Yesterday was International Bat Appreciation Day.
Bats are fascinating creatures, being the only group of mammals that can truly fly. They also harbour a lot of viruses, many of which have then moved into human populations (including Ebola, Lyme disease, Rabies and corona viruses, including possibly the virus responsible for the current COVID_19 pandemic that is sweeping across the world.
There is a lot of misinformation circulating about the links between bats and COVID_19, which poses a threat to bats by fuelling unfounded fear in people. However bats are not to blame for this pandemic.
Peter Daszak, President of the U.S.-based non-profit Ecohealth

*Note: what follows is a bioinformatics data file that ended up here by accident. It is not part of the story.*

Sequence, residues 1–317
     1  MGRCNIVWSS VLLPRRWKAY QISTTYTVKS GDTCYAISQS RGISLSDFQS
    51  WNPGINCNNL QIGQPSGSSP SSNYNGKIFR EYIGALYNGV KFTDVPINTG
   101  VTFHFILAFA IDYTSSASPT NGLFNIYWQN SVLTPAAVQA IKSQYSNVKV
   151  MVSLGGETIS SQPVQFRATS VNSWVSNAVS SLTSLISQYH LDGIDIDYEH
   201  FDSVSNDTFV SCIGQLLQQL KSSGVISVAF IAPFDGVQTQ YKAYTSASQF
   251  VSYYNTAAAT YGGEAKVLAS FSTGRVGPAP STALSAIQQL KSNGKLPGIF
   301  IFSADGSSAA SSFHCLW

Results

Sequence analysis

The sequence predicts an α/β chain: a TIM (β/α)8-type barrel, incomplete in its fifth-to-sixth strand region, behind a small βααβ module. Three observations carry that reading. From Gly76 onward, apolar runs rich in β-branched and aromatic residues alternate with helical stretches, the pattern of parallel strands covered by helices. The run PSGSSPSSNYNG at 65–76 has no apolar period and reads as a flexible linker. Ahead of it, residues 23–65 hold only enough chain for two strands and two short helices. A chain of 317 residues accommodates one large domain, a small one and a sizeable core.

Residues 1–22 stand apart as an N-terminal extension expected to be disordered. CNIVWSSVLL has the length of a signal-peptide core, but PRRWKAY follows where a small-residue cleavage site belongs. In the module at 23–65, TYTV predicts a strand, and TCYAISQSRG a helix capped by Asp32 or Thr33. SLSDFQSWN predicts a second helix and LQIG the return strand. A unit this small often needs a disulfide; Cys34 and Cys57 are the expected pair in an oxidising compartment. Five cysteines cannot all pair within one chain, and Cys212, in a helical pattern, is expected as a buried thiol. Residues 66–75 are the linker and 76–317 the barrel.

Alliance, says that even if bats are the origin of the cirus, they are not to blame
for the pandemic. "It's not bats. It's us. It's what we do to bats that drives this pandemic risk," Daszak said. ".....We don't need to get rid of bats. We don't need to do anything with
bats. We've just got to leave them alone. Let them get on, doing the
good they do, flitting around at night and we will not catch their
viruses" This is a quote from an excellent article on the NPR website, you can read the whole article here.
There's another good article on the Nature website here.
Science Focus states that bats pose no bigger risk than other animals in this article.
Bat Conservation Trust has prepared a comprehensive guide to COVID_19 and bats, which you can read here.
We should conserve and protect bats and their habitats, not demonise them.
An excellent book to read about diseases that originated in animals and then transferred to humans is David Quammen's Spillover, which I reviewed here.